Homeowners in many parts of the country are catching on to rain gardens – landscaped areas planted to wild flowers and other native vegetation that soak up rain water, mainly from the roof of a house or other building. The rain garden fills with a few inches of water after a storm and the water slowly filters into the ground rather than running off to a storm drain. Compared to a conventional patch of lawn, a rain garden allows about 30% more water to soak into the ground.
Why are rain gardens important?
As cities and suburbs grow and replace forests and agricultural land, increased stormwater runoff from impervious surfaces becomes a problem. Stormwater runoff from developed areas increases flooding; carries pollutants from streets, parking lots and even lawns into local streams and lakes; and leads to costly municipal improvements in stormwater treatment structures.
By reducing stormwater runoff, rain gardens can be a valuable part of changing these trends. While an individual rain garden may seem like a small thing, collectively they produce substantial neighborhood and community environmental benefits.
Rain gardens work for us in several ways:
- Increasing the amount of water that filters into the ground, which recharges local and regional aquifers;
- Helping protect communities from flooding and drainage problems;
- Helping protect streams and lakes from pollutants carried by urban stormwater – lawn fertilizers and pesticides, oil and
- other fluids that leak from cars, and numerous harmful substances that wash off roofs and paved areas;
- Enhancing the beauty of yards and neighborhoods;
- Providing valuable habitat for birds, butterflies and many beneficial insects.
How can I learn to plant one?
Learn with us during our rain garden design workshops and our hands-on community work days, where we go through the ABCs of soil preparation, planting, and maintenance of rain gardens. For an introduction, see the WI Standards Oversight Council DNR rain garden manual. Sue Ellingson has a very good web site (Sue’s Rules for Rain Gardens) that includes a wonderful plant list. Edgewood College also has a website dedicated to the topic.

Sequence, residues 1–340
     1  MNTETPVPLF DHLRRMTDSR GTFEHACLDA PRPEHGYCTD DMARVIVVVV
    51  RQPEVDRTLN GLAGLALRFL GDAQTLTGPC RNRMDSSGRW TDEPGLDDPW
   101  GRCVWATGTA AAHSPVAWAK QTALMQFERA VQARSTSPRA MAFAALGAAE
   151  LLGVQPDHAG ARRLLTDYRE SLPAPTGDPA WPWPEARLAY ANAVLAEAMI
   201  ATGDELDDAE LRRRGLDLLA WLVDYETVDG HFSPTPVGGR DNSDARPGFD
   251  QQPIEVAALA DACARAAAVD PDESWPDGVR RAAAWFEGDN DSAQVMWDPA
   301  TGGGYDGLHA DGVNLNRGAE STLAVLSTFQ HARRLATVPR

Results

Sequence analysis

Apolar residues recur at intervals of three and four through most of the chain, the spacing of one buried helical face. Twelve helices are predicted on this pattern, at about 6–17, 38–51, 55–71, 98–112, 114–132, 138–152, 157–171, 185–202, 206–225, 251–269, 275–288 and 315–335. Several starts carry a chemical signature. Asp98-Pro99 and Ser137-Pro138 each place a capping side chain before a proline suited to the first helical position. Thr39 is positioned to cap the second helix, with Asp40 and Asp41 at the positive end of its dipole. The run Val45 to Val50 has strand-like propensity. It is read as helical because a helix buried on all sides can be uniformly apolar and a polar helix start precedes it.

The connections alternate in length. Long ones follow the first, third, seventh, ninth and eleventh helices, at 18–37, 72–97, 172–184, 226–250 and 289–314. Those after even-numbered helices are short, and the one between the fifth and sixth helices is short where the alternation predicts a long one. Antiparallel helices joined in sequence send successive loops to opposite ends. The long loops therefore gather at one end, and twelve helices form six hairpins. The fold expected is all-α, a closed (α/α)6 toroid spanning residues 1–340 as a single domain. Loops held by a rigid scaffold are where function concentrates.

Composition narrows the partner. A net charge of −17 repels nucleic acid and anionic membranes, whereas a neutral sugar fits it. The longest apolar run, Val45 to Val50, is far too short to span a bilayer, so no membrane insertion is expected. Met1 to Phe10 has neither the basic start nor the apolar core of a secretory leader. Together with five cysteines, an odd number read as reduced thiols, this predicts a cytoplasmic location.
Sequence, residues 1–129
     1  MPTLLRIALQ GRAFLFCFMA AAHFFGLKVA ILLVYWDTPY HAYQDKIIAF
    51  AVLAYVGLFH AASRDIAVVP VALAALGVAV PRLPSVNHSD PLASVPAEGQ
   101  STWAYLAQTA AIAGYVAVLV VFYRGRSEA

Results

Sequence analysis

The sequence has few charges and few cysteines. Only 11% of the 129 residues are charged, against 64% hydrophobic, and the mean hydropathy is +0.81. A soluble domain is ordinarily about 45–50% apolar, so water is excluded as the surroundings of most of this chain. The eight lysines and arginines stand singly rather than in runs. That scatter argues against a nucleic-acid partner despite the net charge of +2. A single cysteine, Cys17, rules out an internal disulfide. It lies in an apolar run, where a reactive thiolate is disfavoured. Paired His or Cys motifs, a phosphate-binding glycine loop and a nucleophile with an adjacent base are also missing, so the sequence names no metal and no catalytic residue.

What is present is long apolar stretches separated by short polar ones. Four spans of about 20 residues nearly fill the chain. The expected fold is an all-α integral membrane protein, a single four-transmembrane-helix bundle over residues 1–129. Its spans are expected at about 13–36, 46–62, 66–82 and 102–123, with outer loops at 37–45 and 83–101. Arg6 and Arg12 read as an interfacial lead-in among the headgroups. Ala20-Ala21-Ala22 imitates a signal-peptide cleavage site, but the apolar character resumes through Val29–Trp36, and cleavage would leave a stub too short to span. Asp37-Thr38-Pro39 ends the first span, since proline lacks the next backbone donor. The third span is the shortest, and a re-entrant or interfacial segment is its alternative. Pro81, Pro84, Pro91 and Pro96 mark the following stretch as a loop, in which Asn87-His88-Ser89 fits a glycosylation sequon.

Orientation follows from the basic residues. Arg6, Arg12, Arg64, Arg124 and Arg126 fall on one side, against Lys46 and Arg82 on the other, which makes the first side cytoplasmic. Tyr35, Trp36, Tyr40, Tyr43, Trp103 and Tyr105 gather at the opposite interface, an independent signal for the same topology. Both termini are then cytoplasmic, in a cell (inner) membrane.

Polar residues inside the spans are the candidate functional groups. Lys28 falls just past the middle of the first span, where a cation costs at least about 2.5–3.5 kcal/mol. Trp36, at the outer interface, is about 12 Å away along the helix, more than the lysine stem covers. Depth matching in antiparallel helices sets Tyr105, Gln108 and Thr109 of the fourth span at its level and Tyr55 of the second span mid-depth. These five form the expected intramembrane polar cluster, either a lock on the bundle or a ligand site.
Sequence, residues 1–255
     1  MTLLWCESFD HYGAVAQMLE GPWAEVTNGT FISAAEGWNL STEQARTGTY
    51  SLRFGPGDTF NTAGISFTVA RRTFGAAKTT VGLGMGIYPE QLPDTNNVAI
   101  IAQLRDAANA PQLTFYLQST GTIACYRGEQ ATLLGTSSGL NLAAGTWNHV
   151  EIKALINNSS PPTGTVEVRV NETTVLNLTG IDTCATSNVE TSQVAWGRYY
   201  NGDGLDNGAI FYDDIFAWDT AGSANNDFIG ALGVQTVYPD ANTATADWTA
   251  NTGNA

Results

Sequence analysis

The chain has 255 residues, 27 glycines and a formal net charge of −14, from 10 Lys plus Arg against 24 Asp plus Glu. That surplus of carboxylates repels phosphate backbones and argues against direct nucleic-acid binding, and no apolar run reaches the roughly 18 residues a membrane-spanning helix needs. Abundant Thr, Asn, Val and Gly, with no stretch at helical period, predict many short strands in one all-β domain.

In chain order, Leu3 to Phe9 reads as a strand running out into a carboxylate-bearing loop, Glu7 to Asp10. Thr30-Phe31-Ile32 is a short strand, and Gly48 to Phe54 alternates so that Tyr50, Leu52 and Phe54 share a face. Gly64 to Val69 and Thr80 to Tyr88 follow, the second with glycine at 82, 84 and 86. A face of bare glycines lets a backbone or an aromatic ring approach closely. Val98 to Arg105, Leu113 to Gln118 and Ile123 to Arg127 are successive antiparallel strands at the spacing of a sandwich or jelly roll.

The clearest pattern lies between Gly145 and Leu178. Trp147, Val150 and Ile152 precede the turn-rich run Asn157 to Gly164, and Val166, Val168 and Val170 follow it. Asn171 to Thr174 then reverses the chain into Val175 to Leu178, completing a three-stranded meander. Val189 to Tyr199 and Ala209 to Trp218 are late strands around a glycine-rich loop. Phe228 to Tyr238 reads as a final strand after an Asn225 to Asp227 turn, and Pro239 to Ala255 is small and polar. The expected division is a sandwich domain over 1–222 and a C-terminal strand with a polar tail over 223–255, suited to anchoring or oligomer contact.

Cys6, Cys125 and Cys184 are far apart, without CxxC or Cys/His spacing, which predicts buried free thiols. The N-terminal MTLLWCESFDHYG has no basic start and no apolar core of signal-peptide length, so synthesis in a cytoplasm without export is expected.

I want to see one. Where can I go to look at a rain garden?
- Edgewood College (east side of the Edgedome, capturing water from the Campus School parking loop)
- 614 Piper Drive
- 1922 Vilas Ave
- UW Arboretum Visitor’s Center
- Spring Harbor Environmental Magnet Middle School
What is FOLW doing to promote rain gardens?
FOLW and partners facilitated the construction of a rain garden street demonstration project in the Vilas Neighborhood, where rain gardens are dug in the terrace, between the street and the sidewalk. Unlike typical rain gardens that collect roof runoff, these gardens capture runoff from the street. Street runoff dumps a lot of dirt and excess nutrients into Lake Wingra and many other lakes and rivers. (Storm sewers are simply concrete pipes; water in them isn’t cleaned in any way.)
Making a dent in street runoff with something as low tech as a garden is an idea with remarkable potential. A rain garden is a green machine that’s cheap and effective. The tough question is how to create gardens that look good and are easy to maintain. With this project, we hope to find some answers.
FOLW Partners with City of Madison
FOLW wrote a grant to fund the Rain Garden Street. The money was awarded to the City of Madison, which has engineered the project and hired landscape designers Margaret Burlingham and Hope Oostdik. Neighbors on Adams St. met individually with Margaret and Hope to design gardens that suit them. The gardens were completed in 2006 as part of a previously planned street reconstruction.
- Learn more about the Adams Street project and check up on its status
- Learn more about the rain garden streets in Seattle, WA that inspired the Friends to explore this idea and bring it to Madison